Perhaps the audience should be — because there have been times when Scheie gets his wish.

Rhonnie Washington, an SF State theater professor, recalls the theater manager's cat at his alma mater of East Texas State wandering through stage productions and, on at least one instance, leaving a souvenir in his dressing room. "I think it was malicious," says the professor. "I never did like cats."

Stage managers still swap stories about the long-ago Broadway production of Joseph and the Amazing Technicolor Dreamcoat in which an animatronic camel exploded during dress rehearsals. Closer to home, Scheie personally witnessed the ignominious conclusion to a San Francisco Opera presentation of The Girl of the Golden West, in which famed soprano Deborah Voight closes the show by mounting a steed and riding into the sunset — but not before her horsey dropped a load, center stage.

"It was kinda ruined," says Scheie. "But kinda awesome."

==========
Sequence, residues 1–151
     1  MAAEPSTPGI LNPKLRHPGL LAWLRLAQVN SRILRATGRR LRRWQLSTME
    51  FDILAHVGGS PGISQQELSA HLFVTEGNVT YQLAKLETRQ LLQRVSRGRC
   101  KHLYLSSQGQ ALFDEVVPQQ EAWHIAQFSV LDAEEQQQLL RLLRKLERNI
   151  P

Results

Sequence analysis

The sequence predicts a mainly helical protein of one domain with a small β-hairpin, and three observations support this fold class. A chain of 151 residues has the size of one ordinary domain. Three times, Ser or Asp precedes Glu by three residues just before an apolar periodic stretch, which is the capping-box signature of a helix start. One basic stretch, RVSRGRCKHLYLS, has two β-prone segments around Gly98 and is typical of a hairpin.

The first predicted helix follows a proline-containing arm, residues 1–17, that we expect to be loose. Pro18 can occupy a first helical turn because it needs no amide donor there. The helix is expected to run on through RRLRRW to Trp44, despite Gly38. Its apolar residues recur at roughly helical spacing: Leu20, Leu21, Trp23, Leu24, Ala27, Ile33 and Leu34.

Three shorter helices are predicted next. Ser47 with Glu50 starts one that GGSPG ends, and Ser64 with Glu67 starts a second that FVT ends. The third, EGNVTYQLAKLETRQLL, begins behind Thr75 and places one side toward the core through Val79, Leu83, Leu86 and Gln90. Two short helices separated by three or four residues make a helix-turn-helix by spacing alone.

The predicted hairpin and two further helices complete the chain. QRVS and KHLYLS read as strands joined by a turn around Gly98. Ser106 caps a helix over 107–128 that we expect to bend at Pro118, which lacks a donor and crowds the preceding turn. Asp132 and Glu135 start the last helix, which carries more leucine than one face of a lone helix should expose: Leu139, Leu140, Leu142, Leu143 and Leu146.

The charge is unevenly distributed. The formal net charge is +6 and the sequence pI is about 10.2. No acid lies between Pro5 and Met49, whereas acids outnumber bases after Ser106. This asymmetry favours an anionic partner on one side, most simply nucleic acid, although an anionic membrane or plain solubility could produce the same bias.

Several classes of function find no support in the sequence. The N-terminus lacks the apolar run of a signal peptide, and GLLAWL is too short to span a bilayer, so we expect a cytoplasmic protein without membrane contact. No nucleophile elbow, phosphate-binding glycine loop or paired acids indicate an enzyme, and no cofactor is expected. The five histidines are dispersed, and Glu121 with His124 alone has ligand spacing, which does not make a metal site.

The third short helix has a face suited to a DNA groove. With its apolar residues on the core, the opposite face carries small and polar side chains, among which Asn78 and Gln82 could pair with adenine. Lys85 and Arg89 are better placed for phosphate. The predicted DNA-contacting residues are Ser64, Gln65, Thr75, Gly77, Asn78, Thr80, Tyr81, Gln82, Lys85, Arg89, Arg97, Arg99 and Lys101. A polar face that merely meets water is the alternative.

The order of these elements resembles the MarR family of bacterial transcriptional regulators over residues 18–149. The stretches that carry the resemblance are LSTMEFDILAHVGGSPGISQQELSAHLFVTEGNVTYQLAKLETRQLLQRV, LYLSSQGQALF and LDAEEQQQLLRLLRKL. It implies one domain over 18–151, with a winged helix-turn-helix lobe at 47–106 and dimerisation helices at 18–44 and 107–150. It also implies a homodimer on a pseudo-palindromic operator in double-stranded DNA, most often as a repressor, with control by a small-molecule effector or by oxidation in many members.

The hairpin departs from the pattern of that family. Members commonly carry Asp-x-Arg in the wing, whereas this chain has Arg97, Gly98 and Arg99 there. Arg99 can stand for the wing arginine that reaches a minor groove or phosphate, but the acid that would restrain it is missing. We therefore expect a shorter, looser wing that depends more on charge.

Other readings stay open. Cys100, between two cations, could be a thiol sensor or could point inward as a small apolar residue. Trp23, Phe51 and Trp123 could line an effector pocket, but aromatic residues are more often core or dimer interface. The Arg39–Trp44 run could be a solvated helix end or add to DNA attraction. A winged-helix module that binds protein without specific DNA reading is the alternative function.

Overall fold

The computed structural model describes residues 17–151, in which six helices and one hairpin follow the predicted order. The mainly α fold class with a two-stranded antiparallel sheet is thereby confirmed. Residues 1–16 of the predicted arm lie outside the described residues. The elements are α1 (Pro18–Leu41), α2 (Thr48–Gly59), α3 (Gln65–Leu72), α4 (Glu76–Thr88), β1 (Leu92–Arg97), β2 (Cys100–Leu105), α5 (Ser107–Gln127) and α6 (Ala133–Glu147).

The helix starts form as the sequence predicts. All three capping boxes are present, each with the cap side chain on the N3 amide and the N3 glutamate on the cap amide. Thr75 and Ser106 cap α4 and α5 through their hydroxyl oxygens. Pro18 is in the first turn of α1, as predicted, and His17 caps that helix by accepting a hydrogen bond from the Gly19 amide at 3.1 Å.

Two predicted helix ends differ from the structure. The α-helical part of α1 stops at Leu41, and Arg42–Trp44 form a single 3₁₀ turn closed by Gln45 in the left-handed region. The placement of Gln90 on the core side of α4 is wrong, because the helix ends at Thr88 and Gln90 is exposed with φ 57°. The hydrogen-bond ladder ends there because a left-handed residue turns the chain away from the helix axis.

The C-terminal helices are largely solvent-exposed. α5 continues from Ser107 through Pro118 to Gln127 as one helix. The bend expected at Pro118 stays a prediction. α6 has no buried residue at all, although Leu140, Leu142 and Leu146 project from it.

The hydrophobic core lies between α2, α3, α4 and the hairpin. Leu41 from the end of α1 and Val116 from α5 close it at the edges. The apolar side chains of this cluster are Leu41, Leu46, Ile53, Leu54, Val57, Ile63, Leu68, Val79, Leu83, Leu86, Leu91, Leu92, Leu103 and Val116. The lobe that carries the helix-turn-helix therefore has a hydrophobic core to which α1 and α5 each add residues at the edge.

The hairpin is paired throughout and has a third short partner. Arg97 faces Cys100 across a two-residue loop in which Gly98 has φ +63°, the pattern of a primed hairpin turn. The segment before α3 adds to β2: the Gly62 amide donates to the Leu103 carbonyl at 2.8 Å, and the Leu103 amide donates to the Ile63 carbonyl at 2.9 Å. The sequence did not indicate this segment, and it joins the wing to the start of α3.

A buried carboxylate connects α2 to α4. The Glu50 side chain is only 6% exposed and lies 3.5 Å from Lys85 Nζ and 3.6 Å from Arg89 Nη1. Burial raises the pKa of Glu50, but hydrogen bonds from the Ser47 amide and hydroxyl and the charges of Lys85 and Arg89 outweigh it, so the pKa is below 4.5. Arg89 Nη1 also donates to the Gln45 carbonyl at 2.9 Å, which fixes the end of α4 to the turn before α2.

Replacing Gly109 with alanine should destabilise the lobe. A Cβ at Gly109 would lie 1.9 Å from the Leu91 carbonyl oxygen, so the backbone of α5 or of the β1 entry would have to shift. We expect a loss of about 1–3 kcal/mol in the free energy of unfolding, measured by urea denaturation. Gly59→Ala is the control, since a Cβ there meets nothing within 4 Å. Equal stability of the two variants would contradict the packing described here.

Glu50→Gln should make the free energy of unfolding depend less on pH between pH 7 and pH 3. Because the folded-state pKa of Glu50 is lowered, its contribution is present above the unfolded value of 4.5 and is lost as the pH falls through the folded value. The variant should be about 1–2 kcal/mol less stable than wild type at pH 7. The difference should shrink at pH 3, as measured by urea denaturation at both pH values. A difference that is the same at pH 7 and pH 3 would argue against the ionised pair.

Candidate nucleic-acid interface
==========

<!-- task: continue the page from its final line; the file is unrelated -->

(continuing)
Your humble narrator's mother was an actress and, from an early age, he ran lines with her, memorizing entire shows. There are times even now — on Muni, in an elevator, during a writer's meeting — when a snippet of Brighton Beach Memoirs or The Dark at the Top of The Stairs comes flooding back after a 30-year interregnum: "I'll go to Ponca City, and drink booze and take Mavis to the movies, and raise every kind of hell I can think of. T'hell with you!"

Sitting in the front row of a show and knowing every actor, every stagehand, every line, every gesture, every entrance, and every exit is an experience antithetical to that of most theatergoers. When miscues occur — and occur they do — the terror is intense. The acid in your stomach runs up your spine and into your eyeballs. Your ears ring and your brain vibrates. But, here's the thing: You look around, and no one else is any the wiser. They don't know what you know — the actors are winging it, righting the ship, and moving the show along.

And, in these moments, you don't know much; you don't know what's coming next and you have alarmingly little control over it all. Like life itself.

And like life, it's horrifying, but it's also exhilarating. It's kinda ruined. But kinda awesome.

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4 comments
Nancy Queenofsheba Endy
Nancy Queenofsheba Endy

When they keep putting up they same old tired productions they need to do SOMETHING to keep their audience base. ;-)

vance1936
vance1936

Great job Joe.

Now we're off to Ponca City ...


Vance

 
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